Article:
BloodyVox

Dance news: Creativity is flowing

NW Dance Project, Franco Nieto and BodyVox adapt to pandemic circumstances

Back in March and April, when cities began closing up due to the spread of Covid-19, many folks were prophesying that the pandemic would change art forever. They said artists would come up with great ideas, that the pandemic would force into existence incredible art, create new and beautiful things, and develop solutions. Artists would show the world how to adapt.

I thought this to be true, but I had never experienced a pandemic before, so it was hard to imagine how this new world would look.

Well, here we are eight-ish months later, and the creativity is flowing. Portland’s dance scene is adapting.

In good news this week…

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Making music for the love of it

ArtsWatch Weekly: A very different kind of orchestra, a weekend of horrors, board moves, toppled statues, farewells, flicks & how we see

SOMETIMES, IN THE UNDERSTANDABLE QUEST FOR EXCELLENCE AND EVEN PERFECTION in the arts, performers and artists can lose sight of something that should be at the core of the entire enterprise: a love of the game. That happened, Brett Campbell writes in ‘Orchestrating change’: healing music, to Ronald Braunstein, an up-and-coming orchestral conductor whose promising career was derailed, despite his prominent and obvious talents, by the stress and pressure of the job. “Anxiety, distraction, emotional ups and downs paralyzed him,” Campbell writes. “He couldn’t keep it all together.”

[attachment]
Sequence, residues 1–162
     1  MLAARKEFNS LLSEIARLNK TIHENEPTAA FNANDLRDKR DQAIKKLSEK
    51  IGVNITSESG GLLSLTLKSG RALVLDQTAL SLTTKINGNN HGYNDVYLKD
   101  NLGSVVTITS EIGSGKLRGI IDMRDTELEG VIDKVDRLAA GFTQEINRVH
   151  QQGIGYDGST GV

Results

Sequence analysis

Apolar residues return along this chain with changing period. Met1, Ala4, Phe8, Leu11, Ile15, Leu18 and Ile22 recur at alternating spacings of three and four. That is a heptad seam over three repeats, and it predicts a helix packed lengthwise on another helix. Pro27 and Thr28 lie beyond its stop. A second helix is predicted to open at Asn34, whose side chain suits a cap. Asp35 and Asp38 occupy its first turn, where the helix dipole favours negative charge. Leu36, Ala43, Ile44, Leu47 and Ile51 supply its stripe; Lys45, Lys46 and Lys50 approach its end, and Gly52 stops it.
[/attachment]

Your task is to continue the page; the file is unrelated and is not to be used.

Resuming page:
For the love of it: Dylan Moore, a bassist with Me2/Orchestra. Photo courtesy of Me2.

Eventually Braunstein discovered that he had a crippling bipolar disorder, and that might have been the end of the story – except it wasn’t. He still had all of that talent, and a growing appreciation for the love that attracted him to music in the first place. And he discovered that there were a lot more people like him: professionals, amateurs, in-betweens who genuinely loved the music but not the pressure that goes along with a fast-track career. He discovered he had a simpatico with those among them who also had some form of mental illness. And so was born the Me2/Orchestra, a place where people could go for the simple joy of playing. It’s an amazing story, a genuine joy to read, and the original Me2 has spawned offspring groups, including one in Portland. It’s also a timely reminder of the genuine pleasures of amateurism – a word derived from the Latin amare, which means, simply, to love. Whether you’re a professional or an acolyte, it’s where it all begins.

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Pilobolus family tree has Portland branch

BodyVox co-founder Jamey Hampton recalls his early days in Pilobolus as both companies prepare to stage local shows

When the dance and movement troupe Pilobolus comes to the Newmark Theatre Thursday through Saturday to kick off the White Bird dance season with its two-hour extravaganza Come to your senses, you’ll see a little bit of Portland dance history in the act – and, a week later, a little bit of Pilobolus history when BodyVox kicks off its new season with the latest version of its popular Halloween comedy horror show, BloodyVox.

Jamey Hampton is the connecting tissue. He and his wife, Ashley Roland, founded BodyVox in Portland twenty years ago, after putting together a successful dance collaboration with Portland Opera for its pairing of Pagliacci and Carmina Burana. But twenty years before that, Hampton was performing with Pilobolus and the original group of artists who famously formed the company at Dartmouth College, the Ivy League school in small-town Hanover, New Hampshire.

Pilobolus brings its “Come to your senses” repertory show to Portland this week. Photo courtesy White Bird

What Pilobolus was doing at the time was something new – not so much contemporary dance as choreographed athleticism, with an overlay of visual spectacle and playful anthropomorphism. (The company name comes from a fungus co-founder Jonathan Wolken’s father was studying that, as Wikipedia puts it, “grows on cow dung and propels itself with extraordinary strength, speed and accuracy.”) Pilobolus has evolved a lot over the years, and changed personnel, but a lot of its original vision remains in the current company.

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